per acre. The state of Veracruz, in eastern Mexico, produced the least amount of corn in

Mexico, only 325 thousand metric tons. This amounted to an average yield of about 1.77

tons per hectare or 28 bushels per acre.

        Overall, total Mexican production of corn is much smaller than that of the U.S.

This can be explained by lack of technology and available land. However, much like the

U.S., the Mexican government does give out a subsidy payment to help the farmers make

ends meet. In 2002, the subsidy payment was a flat rate per hectare of about 875 pesos

per hectare. When converted to U.S. dollars this equals about 98 dollars an acre. This

payment was 5 percent higher than the same payment in 2001. According to the Mexican

government officials, roughly 2.5 million farmers were eligible to receive the payments.

Also included in the farm plan were provisions to give Mexican farmers incentives to

switch their production from white corn, a crop that Mexico is suited to growing, to other

crops that they are not sufficient in producing, like yellow corn, where the U.S. has a

definite competitive advantage. However, many annalists were skeptical that the

production of yellow corn would increase. Many problems, such as a lack of sufficient

yellow seed varieties, a low willingness of farmers to change from their traditional white
corn production in favor of the yellow corn, and a general lack of knowledge of how to

grow yellow corn among farmers would have to be solved before this change could take

place. These problems hamper the transition process, and slow down the adoption of

different farming technologies and cultural practices needed to make this transition to

grow yellow corn.


       Corn production in Mexico is mainly for human consumption. This includes all

white corn varieties. Corn consumption in Mexico in 2002 was about 25.6 million metric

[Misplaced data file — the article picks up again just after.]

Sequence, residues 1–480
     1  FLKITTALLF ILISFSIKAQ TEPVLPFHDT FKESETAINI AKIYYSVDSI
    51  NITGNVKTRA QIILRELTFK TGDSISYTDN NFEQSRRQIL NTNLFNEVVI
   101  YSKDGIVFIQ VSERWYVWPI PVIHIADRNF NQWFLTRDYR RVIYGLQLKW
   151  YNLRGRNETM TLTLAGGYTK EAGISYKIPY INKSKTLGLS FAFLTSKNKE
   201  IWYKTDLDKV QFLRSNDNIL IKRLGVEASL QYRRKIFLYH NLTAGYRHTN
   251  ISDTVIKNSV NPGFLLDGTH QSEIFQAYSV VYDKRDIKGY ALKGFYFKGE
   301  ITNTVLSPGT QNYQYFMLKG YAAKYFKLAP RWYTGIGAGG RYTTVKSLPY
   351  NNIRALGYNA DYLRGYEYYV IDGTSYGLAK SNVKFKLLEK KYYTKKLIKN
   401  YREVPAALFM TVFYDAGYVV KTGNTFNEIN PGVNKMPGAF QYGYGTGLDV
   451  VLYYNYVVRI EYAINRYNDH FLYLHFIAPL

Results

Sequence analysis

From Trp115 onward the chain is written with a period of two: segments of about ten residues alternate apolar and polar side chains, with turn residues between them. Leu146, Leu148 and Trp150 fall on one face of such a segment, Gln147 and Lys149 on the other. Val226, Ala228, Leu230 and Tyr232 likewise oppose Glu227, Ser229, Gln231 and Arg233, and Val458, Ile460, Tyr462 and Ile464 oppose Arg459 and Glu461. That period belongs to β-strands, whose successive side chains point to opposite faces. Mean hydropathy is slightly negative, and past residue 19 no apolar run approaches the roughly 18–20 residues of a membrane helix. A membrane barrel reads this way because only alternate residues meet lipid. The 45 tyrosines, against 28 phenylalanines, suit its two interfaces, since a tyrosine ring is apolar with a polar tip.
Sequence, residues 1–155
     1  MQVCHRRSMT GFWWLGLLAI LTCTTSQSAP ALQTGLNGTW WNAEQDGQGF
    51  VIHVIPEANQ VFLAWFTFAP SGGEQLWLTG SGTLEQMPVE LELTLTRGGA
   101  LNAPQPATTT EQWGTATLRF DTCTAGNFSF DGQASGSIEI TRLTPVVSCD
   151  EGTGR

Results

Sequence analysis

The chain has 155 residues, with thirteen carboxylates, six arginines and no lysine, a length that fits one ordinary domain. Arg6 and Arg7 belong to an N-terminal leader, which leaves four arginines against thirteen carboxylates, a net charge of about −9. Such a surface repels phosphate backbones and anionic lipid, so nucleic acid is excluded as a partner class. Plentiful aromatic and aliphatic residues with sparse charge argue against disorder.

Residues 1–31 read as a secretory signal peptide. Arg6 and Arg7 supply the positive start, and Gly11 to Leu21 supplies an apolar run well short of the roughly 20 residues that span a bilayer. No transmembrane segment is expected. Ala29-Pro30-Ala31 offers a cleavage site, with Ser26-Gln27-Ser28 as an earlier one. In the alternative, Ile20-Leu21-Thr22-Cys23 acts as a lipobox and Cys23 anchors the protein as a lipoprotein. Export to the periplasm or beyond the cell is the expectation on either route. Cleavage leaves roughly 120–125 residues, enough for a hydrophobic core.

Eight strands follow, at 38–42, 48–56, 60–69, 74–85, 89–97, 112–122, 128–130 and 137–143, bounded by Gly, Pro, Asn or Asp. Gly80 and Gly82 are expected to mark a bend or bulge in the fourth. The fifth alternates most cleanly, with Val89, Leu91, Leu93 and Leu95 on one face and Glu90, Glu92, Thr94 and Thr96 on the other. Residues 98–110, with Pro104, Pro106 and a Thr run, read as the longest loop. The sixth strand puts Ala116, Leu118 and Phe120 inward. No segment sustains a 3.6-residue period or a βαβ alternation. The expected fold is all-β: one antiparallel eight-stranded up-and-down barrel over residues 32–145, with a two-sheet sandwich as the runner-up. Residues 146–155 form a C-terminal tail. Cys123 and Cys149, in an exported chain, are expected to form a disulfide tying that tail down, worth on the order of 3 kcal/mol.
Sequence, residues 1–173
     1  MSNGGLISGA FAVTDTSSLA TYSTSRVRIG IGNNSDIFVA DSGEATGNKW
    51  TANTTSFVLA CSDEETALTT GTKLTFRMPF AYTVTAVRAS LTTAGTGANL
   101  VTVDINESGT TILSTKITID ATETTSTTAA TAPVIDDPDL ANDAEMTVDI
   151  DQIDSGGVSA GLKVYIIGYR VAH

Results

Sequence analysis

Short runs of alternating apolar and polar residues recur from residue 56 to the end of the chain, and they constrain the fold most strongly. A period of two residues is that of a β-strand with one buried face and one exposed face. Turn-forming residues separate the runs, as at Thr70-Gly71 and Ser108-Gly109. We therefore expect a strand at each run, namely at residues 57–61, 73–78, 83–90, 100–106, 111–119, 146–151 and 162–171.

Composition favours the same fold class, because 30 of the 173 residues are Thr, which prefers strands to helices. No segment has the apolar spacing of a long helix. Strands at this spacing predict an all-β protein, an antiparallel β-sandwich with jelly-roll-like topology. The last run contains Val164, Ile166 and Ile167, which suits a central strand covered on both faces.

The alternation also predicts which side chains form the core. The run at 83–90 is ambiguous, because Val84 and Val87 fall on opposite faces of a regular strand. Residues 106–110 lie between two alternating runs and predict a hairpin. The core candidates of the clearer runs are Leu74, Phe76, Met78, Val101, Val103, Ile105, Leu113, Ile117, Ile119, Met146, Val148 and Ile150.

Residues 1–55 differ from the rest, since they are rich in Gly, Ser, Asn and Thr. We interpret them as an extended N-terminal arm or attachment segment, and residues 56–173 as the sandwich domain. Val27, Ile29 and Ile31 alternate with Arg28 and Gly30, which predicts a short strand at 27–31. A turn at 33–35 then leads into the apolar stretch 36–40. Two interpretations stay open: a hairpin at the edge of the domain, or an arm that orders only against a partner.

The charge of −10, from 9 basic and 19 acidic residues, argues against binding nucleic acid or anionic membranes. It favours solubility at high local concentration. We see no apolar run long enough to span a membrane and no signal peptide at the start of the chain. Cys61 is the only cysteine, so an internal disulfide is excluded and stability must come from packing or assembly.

tons, with most going towards the production of tortillas. Tortillas are a main staple in

the Mexican diet, and have a per capita consumption of about 126 kilograms per year.

       Another part of corn consumption in Mexico is the corn used for livestock feed.

These industries favor yellow corn over the traditional white corn for feed; so much of

the corn used is imported under NAFTA.


       Mexico has many trade agreements with countries around the world, but the most

important agreement would have to be the North American Free Trade Agreement.

       NAFTA first began implementation on January 1, 1994, after the leaders of the

United States, Mexico, and Canada signed it into effect. NAFTA immediately eliminated

all non-tariff barriers to agriculture trade between the United States and Mexico, many

tariffs were canceled, with all to be phased out over a span of 5 to 15 years. By the year

2008, all tariffs and barriers to agriculture products must be lifted on any goods

transported between the Canada, Mexico, and the U.S.
       When Mexico signed this treaty, there were several things that they hoped would

happen. The first was to reduce the domestic price of corn. This would make corn

cheaper and more available to much of its population. The second was to decrease

output, which would allow the imported corn to have a place to be bought and sold. The

third was to relocate labor, land and capital. This meant that labor, land, and capital that

had been used to grow corn, could now be used to help promote other industries. The

land and capital could now be used to promote and build new factories, and the people

who were displaced from the loss of farms could have a job in the factories. The fourth

effect was to let marginal lands, or lands that aren’t necessarily intended for farming corn

to fallow, or be taken out of production. This would help to cut down on the